As illustrated in FIG. 3, the selection of the input logic connections may similarly be made for 3-way XNOR logic based on the truth table of TABLE 3. In this case the input connections to PFET stacks 301a, 302a, 303a, and 304a are determined by the logic “1” values of the XNOR output Y in TABLE 3 and the input connections to NFET stacks 301b, 302b, 303b, and 304b are determined by the logic “0” values of the XNOR output Y in TABLE 3. It is noted that in both the embodiments of FIG. 2 and FIG. 3, the inversion of the input signals A, B, and C may be taken internally as illustrated, and thus no external inversion circuitry is necessary for the logic inputs.

Implementation of logic functions with a larger number of logic inputs is also possible, as illustrated in FIGS. 4 and 5.

FIG. 4 illustrates an extension of the XOR circuitry to an n-way configuration including n+1 input logic signals A0-An. Only one input in each stack of PFETs 401a, 402a, . . . , 410a is inverted except for the last stack 420a in which all of the inputs A0-An are inverted. Similarly only one input in each stack of NFETs 401b, 402b, . . . , 410b is inverted except for the last stack 420b in which all of the inputs A0-An are inverted. In this case the output logic voltage Y achieves a high voltage state either when exactly one of the input logic values is at logic “1” (with all other logic inputs=logic 0) or when all of the input logic values are at logic “1,” and achieves a low voltage state either when exactly one of the input logic values is at a logic “0” (with all other logic inputs=logic 1) or when all of the input logic values are at logic “0” (in all other cases the output would be at an intermediate state since every stack would have at least one open PFET or NFET).

FIG. 5 illustrates an extension of XNOR circuitry to a n-way configuration including n+1 input logic signals A0-An. All but one input in each stack of PFETs 501a, 502a, . . . , 510a is inverted except for the last stack 520a in which none of the inputs A0-An are inverted. Similarly all but one input in each stack of NFETs 501b, 502b, . . . , 510b is inverted except for the last stack 520b in which none of the inputs A0-An are inverted. In this case the output logic voltage Y achieves a high voltage state either when exactly one of the input logic values is at logic “0” (with all other logic inputs=logic 1) or when all of the input logic values is at logic “0,” and achieves a low voltage state either when exactly one of the input logic values is at a logic “1” (with all other logic inputs=logic 0) or when all of the input logic values are at logic “1” (in all other cases the output would be at an intermediate state since every stack would have at least one open PFET or NFET).

TABLE 4 summarizes the n-way XOR/XNOR logic. It is again noted that no external inversion is necessary for these embodiments since the outputs of the outermost PFETs and NFETs may provide such inversion of the logic inputs.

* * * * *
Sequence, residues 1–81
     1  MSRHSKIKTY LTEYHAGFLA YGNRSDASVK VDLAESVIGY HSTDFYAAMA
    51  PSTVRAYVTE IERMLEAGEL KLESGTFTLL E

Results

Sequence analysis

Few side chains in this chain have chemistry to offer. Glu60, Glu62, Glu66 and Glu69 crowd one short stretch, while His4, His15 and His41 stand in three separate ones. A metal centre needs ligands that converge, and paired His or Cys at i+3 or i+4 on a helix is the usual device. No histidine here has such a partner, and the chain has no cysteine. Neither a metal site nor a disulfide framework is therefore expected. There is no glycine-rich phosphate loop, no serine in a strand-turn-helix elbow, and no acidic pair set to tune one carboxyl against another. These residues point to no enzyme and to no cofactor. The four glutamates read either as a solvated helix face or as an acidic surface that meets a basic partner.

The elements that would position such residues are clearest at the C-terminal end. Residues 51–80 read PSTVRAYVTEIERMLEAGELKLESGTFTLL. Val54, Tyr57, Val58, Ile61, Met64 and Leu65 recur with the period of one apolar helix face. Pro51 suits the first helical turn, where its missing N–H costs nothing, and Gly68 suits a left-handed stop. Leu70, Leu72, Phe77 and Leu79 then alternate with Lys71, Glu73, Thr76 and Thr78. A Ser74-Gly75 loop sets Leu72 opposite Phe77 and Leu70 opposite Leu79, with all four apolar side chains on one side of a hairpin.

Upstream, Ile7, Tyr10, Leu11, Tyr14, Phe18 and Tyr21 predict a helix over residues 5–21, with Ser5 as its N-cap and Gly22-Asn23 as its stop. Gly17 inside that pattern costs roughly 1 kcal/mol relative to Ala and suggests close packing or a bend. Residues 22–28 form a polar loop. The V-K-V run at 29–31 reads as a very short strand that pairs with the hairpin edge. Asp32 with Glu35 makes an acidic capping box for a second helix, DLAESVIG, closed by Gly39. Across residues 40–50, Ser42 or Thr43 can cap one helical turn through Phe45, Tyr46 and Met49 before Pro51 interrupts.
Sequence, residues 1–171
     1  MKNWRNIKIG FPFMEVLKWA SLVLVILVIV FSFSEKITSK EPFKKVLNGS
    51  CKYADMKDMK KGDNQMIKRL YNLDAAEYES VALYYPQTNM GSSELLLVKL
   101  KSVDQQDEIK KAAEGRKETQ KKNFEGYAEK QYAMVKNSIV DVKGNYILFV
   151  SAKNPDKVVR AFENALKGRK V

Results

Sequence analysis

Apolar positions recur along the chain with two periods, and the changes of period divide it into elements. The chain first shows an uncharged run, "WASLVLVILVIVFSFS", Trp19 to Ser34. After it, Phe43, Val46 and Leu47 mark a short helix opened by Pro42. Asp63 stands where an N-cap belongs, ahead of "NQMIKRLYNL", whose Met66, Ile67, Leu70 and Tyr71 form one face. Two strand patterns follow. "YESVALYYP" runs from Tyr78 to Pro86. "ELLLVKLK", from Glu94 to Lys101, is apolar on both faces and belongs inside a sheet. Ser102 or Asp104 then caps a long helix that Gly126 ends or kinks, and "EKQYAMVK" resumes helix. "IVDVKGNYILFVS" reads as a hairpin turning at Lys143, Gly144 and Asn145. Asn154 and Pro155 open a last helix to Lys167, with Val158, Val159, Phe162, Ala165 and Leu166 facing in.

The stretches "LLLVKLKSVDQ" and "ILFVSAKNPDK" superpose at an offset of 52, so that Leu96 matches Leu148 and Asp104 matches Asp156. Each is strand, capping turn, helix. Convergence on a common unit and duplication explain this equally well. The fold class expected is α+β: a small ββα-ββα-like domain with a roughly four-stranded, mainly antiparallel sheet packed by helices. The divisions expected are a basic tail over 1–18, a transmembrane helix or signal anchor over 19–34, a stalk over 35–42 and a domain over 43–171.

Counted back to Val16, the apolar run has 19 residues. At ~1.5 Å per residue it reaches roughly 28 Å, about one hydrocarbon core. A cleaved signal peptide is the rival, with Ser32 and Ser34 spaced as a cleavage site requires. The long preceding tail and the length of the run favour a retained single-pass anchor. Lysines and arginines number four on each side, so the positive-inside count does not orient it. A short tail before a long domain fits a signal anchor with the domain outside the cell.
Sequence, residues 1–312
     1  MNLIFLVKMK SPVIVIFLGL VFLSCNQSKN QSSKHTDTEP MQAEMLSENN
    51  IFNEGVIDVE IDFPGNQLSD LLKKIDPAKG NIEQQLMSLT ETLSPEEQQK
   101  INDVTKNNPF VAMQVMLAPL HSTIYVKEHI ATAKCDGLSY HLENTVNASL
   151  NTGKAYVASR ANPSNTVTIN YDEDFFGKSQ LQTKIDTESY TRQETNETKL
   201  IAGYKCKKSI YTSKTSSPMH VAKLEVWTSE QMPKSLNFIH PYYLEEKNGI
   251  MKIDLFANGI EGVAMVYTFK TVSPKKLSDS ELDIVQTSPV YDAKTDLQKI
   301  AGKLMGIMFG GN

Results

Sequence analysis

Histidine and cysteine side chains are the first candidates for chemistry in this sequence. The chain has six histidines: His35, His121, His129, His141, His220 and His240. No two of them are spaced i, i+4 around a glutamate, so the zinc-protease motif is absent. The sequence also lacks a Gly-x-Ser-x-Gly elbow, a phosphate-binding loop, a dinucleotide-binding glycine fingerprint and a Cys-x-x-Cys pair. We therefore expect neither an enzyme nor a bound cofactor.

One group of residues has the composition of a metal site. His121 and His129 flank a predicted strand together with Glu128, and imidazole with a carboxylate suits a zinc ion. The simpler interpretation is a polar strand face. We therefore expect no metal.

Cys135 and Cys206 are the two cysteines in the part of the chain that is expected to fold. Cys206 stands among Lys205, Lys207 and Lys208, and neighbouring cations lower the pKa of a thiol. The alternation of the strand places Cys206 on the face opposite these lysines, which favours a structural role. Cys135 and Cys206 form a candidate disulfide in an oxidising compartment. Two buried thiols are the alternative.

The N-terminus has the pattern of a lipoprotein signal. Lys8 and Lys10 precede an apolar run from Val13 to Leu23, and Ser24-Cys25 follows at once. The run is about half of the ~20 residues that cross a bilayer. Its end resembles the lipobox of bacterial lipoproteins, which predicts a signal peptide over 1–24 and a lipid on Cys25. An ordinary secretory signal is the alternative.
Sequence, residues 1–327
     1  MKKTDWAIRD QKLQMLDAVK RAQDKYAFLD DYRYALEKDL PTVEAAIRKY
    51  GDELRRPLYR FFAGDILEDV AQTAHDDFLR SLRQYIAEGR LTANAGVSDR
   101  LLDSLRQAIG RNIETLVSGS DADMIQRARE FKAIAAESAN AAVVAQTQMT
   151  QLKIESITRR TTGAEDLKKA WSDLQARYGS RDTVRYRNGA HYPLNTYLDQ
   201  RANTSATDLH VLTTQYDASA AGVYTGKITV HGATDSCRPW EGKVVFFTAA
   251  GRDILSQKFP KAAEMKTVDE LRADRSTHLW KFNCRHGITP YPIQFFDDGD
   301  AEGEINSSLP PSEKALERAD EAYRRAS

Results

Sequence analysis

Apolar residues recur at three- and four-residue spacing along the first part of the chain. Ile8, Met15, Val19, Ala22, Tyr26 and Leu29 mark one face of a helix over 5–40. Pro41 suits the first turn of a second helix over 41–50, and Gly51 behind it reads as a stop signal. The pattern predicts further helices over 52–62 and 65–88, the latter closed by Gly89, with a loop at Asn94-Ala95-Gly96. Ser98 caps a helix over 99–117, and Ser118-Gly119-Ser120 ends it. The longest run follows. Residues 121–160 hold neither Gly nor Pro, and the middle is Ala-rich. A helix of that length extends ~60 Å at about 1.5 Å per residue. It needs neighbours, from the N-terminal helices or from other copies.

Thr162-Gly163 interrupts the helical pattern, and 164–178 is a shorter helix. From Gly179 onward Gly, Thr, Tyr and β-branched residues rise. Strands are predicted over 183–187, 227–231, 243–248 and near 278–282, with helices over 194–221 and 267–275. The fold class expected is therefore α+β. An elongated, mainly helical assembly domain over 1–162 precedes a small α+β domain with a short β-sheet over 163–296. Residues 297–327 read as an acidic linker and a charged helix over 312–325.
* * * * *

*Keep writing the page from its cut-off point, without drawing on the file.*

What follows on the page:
TABLE 4
(n-way XOR/XNOR logic)
A0-AnY (n-way XOR)Y (n-way XNOR)
Ai = 1 for exactly one i and other10
Ai = 0 (0 ≦ i ≦ n)
Ai = 0 for exactly one i and other01
Ai = 1 (0 ≦ i ≦ n)
Ai = 1 for all i (0 ≦ i ≦ n)10
Ai = 0 for all i (0 ≦ i ≦ n)01

FIG. 6 illustrates a flow chart detailing the basic process flow 600 of the circuit configuration of the present invention.

First, in step 610, a plurality of top stacks of PFETs are provided with each top stack including at least three PFETs electrically connected between a high logic level and an output logic connection.

Next, in step 612, a plurality of bottom stacks of NFETs are provided with each bottom stack including at least three NFETs electrically connected between a low logic level and the output logic connection.

The process 600 continues in step 614 where the source (or drain) of the outermost PFET in each top stack is connected to the drain (or source) of a corresponding NFET in each bottom stack to generate inverted logic signals to be provided as gate inputs to other stacks (which avoids the necessity of external inversion circuitry).

Then, in step 616, at least three input logic states are input to each of the multiple stacks of PFETs to selectively connect or disconnect the output logic connection to the high logic level based on the input logic states. The selection of the wiring connections between the logic input wiring and the gate connections of the stacks of PFETs may be chosen based on the logic “1” states of an associated truth table.

Thereafter, in step 618, at least three input logic states are input to each of the multiple stacks of NFETs to selectively connect or disconnect the output logic connection to the low logic level based on the input logic states. The selection of the wiring connections between the logic input wiring and the gate connections of the stacks of NFETs may be chosen based on the logic “0” states of an associated truth table.

Finally, in step 620, a logic signal is output from the output logic connection based on the configuration as described above.

As explained above, the use of multi-stacked PFET and NFET offers a new logic topology for multi-input logic structures such as n-way XOR and n-way XNOR logic gates which can be implemented in a single step without cascading 2-way XOR or XNOR circuits. The topology may provide advantages related to processing speed and noise reduction in addition to removing the necessity of external inverting circuitry by structuring the outermost PFETs and NFETs to generate inverted signals.

Although the present invention has been described with reference to preferred embodiments, workers skilled in the art will recognize that changes may be made in form and detail without departing from the spirit and scope of the invention.